In addition to the Reforestation Plan, Cuba established the Cuban National System of Protected Areas, which now covers 12% of the entire country, to protect natural forests, wetlands, and other essential ecosystems. Thanks to these aggressive conservation efforts, Cuba has the greatest area of wetland ecosystems in the Caribbean; wetland ecosystems cover 13.4% of Cuba- not all of the wetlands are under the Cuban National System of Protected Areas. These wetland ecosystems include mangroves, flooded savannas, peatlands, and freshwater swamps--all of which provide essential ecosystem services such as water filtration, nutrient sequestration (excess nutrients are stored in plant biomass and sediment), and storm buffering.


According to the GFRA (Global Foot and Mouth Disease Research Alliance), restored ecosystems in Cuba have sequestered 226 million tons of C02, with an annual rate of 10.227 tons of CO2 (FAOSTAT). Most of this carbon sequestration derives from restored mangrove habitats, which also provide a terrific line of defense against incoming hurricanes. There’s a reason you never hear of Cuba being handicapped by hurricanes despite being in a vulnerable geographic location--conservation of wetlands has a lot to do with it. Mangroves in the tropics, in similar fashion to Salt Marshes in the temperate zone, provide storm buffering services as well as water filtration and the provision of nursery habitat (critical for restocking fisheries). Recently, as diplomatic relations with the U.S and the United Nations have improved, Cuba has been partnering up with international science and environmental organizations to collaborate and exchange information. Organizations including but not limited to the Caribbean Biological Corridor of the UNEP (United Nations Environmental Programme), the Smithsonian Institute, Wildlife Conservation Society, Cornell Ornithology Laboratory, Environmental Defense Fund, and the New York Botanical Gardens.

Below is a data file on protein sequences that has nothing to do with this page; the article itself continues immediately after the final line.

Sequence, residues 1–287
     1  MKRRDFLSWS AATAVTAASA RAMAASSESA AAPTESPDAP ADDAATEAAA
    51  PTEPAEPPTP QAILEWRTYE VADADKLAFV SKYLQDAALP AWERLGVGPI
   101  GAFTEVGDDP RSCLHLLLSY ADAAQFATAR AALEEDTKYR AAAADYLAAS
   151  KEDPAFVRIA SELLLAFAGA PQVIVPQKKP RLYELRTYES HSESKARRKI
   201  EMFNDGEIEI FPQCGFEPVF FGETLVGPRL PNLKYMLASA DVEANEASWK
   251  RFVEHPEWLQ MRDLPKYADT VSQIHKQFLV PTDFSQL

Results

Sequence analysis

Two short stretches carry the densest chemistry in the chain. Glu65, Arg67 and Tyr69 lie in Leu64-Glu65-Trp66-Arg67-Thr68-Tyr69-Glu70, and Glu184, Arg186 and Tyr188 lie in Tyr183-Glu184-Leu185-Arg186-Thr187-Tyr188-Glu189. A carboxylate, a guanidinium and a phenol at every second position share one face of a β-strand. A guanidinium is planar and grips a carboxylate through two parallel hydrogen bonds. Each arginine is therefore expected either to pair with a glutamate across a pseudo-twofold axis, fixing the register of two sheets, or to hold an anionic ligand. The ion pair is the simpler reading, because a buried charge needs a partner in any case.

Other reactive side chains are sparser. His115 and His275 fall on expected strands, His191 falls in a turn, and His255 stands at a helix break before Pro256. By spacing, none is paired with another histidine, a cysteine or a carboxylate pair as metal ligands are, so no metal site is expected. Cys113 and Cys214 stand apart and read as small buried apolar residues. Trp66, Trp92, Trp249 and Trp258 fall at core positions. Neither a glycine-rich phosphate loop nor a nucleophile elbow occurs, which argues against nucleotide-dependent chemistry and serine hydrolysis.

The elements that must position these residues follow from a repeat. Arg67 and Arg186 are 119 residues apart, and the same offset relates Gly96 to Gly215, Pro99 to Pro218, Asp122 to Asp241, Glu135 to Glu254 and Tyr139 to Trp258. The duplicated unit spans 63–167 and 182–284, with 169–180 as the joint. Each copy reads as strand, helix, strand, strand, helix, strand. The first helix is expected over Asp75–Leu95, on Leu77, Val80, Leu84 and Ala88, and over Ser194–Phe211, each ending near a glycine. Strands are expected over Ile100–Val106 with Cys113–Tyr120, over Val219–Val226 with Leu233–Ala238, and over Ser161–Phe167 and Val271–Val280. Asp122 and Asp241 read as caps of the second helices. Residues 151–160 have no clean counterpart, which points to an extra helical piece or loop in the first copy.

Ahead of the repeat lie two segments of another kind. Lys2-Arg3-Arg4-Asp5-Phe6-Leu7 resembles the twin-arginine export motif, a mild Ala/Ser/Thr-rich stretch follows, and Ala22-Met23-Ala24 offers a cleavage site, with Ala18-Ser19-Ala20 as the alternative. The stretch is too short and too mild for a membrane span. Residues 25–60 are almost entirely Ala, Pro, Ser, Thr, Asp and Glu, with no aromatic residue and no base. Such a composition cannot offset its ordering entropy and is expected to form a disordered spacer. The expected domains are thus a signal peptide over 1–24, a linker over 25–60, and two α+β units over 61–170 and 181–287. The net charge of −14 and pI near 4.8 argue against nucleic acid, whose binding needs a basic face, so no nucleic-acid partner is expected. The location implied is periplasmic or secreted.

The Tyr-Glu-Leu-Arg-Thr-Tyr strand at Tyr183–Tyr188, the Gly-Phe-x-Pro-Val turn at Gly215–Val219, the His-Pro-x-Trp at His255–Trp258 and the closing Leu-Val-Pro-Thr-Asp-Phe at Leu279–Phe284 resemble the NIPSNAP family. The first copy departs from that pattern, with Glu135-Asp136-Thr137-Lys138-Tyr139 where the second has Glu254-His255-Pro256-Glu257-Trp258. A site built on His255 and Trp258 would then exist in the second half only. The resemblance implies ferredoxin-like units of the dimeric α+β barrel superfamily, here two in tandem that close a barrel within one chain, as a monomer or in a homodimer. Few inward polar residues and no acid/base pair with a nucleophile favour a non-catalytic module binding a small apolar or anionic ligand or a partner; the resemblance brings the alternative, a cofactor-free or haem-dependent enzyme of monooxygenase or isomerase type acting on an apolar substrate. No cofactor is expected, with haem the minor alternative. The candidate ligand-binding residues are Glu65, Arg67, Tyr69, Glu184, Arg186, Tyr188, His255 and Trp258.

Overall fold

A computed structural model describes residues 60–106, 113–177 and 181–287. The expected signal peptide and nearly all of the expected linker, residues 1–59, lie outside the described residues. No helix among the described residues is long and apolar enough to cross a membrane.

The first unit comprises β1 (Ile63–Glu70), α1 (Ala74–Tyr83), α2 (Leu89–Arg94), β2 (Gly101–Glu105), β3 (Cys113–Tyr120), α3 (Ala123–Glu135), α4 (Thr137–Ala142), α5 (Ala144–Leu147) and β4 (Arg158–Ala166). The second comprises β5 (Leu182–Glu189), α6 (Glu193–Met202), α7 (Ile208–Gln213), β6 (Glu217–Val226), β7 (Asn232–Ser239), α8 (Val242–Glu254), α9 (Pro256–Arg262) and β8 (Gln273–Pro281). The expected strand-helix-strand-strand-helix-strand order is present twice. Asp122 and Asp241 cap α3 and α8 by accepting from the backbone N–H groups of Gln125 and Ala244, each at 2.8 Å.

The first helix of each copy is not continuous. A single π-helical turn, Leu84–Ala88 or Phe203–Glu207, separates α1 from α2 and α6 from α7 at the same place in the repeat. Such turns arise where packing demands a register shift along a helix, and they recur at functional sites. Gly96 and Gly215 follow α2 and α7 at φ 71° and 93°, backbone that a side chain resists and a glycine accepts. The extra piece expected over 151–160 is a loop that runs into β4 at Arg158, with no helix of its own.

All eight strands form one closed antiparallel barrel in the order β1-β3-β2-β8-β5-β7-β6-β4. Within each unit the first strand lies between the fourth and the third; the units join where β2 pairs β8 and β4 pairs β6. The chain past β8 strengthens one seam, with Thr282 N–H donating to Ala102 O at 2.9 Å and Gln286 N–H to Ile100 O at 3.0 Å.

Playa Girón. Photo Credit: WikiCommons

Looking Ahead


Forced to restructure their society from top to bottom in the aftermath following the dissolution of the Soviet Union, Cuba has been able to restore food security, the country’s ecosystems, and establish a truer form of independence in a span of two decades. Through the implementation of agroecological food systems and the prioritization of the nations natural resources and ecosystems Cuba has become increasingly economically independent. Regardless of your opinion on Cuba, from an environmental standpoint, the progress they’ve made in the last couple of decades is impressive. With limited resources and funding, Cuba has been able to become a leader in sustainable practices and conservation efforts in the Caribbean while improving the quality of life for many of its citizens.


Cuba’s example offers many potential lessons not only for neighboring Latin American countries but also for places in the United States like New York and Boston. For example, one facet of Cuba’s expansive agroecological program was developing urban agricultural systems in Havana. There are close to 35,000 hectares of urban gardens split into 8000 parcels dispersed throughout the city, operating with the use of hydroponics, rotated and mixed cropping systems, biofertilizers, and integrated pest management using ecological controls. There are some examples of urban farms in New York and the Boston Area however, none of which are on such a large scale. It’s not so far fetched to think that some of these solutions could be applied in our own communities. This is the just the beginning of scientific exchanges between Cuba and the U.S and I hope that there will continue to be a fruitful exchange of information between scientists of each respective country.